The Burning Land
Eos, February, 2004.
Hardcover, 496 pages.
After a devastating war, the Empire of Arsace has finally prevailed, and has re-instituted its religion of the worship of the God Ârata, which was outlawed under the prior regime. Now the state and the king are allied. The church is all-powerful and heretics are severely punished. Any child who manifests signs of becoming a Shaper (a mage who can manipulate inorganic matter) is taken from his parents and sent to the Church for training. The Shapers are forced to take vows of celibacy and to take drugs to control their incredible powers, which may only be used in church services. When the Church hears rumors about a group of renegade, unrestrained Mages who have made their home in the Desert of Tears, young Shaper Gyalo is sent with an entourage to find the renegades and bring them home. Gyalo and his entourage begin their journey across the forbidding landscape of the burning lands. Soon the self-assured and pious Gyalo will encounter secrets that will shake his faith to its very foundations -- and possibly spell the beginning of a worldwide upheaval.
The Burning Land is the first book in a new duology by the multi-talented Victoria Strauss, the author of The Arm of the Stone and The Garden of the Stone. The Burning Land is a prime example of the perfectly executed fantasy. Ms. Strauss has created a fast-moving and exciting adventure, set in a fantastic and fully realized world full of religious repression, powerful magic, hidden love and dark secrets. The smug Gyalo, who has his world turned upside down, the outspoken Axane, who dares to question her society's strictest laws, and the handsome and arrogant Râvar, who is driven to near madness by his unrequited love and new ideas which challenge his religious training, are all powerful and vivid characters. With crisp prose, rich characterizations and a compelling plotline, The Burning Land is a thought-provoking, exhilarating novel.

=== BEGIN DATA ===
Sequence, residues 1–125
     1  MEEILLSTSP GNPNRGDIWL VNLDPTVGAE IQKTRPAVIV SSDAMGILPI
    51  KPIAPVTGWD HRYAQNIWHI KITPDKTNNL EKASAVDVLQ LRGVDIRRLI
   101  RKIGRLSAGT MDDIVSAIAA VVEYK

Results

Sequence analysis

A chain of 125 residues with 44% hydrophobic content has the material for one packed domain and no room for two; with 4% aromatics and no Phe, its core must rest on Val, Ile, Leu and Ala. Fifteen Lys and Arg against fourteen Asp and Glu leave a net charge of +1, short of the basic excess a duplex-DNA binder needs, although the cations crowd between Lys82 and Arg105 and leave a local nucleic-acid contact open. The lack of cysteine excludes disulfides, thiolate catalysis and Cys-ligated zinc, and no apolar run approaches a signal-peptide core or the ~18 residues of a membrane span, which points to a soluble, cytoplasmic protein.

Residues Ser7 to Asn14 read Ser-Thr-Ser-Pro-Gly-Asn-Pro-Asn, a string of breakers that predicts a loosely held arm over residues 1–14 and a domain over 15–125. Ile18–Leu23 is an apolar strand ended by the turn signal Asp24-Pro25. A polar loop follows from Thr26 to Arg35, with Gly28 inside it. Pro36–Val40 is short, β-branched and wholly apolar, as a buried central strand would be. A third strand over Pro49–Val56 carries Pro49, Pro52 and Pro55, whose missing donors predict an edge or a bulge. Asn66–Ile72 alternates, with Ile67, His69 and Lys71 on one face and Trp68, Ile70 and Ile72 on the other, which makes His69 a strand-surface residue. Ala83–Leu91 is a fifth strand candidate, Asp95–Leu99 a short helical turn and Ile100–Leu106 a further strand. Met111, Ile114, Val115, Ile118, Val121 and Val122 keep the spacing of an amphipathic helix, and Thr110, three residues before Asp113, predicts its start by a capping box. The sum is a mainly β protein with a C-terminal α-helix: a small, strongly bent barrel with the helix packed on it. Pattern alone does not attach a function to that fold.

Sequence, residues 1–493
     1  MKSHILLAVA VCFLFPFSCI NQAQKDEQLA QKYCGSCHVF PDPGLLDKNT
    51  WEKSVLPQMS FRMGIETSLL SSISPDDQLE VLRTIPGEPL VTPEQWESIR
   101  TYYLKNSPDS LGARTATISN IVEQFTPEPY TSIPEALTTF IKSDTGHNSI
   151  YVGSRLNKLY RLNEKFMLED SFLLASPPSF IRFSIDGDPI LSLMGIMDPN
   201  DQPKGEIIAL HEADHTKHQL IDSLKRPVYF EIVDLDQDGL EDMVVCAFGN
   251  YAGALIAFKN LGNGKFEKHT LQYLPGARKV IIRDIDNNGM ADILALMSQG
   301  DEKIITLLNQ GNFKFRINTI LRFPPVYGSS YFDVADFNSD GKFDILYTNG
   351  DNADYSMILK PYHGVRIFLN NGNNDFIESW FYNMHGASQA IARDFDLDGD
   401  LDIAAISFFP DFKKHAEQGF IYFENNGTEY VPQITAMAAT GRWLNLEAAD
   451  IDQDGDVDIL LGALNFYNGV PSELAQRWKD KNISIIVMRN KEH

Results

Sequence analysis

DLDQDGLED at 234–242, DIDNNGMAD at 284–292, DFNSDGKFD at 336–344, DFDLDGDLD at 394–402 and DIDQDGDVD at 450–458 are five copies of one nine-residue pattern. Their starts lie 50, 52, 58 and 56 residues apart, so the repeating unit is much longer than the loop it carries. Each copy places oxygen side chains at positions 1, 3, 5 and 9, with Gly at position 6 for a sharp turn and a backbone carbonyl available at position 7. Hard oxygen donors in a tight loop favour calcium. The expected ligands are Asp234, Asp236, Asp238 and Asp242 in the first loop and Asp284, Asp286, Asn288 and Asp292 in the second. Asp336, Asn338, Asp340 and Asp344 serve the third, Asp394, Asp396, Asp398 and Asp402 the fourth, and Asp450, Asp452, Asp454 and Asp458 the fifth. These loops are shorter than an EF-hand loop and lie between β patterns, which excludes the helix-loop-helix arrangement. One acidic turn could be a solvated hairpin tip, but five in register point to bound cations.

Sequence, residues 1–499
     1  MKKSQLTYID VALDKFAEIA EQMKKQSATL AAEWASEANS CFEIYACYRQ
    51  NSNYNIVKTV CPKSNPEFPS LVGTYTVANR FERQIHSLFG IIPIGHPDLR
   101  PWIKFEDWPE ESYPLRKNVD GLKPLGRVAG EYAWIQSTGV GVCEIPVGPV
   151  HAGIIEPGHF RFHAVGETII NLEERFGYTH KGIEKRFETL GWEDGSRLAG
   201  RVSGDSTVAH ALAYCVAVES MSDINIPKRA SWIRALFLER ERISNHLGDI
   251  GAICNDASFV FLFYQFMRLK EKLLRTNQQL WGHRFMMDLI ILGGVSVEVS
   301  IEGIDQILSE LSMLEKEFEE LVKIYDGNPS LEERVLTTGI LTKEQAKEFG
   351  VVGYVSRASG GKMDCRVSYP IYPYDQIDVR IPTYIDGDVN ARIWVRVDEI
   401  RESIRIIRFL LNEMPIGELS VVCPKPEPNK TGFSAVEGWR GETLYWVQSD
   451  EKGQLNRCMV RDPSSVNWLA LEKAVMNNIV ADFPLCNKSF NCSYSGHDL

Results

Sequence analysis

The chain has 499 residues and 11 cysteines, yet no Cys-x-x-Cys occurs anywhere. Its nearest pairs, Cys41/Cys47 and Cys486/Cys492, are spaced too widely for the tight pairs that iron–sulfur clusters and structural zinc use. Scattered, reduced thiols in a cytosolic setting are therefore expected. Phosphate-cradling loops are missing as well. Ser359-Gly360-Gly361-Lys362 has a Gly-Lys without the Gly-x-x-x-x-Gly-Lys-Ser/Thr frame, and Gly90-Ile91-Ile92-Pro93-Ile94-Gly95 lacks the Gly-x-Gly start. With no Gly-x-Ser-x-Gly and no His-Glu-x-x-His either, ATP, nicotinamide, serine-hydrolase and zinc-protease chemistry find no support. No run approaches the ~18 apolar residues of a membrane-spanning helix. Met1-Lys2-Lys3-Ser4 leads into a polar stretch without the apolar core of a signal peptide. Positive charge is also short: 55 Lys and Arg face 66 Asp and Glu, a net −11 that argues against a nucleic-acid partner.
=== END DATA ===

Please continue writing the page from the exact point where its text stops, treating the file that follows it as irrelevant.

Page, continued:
--Claire E. White
The Burning Land is available for purchase on Amazon.com
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This review was published in the January-February, 2004 of The Internet Writing Journal.
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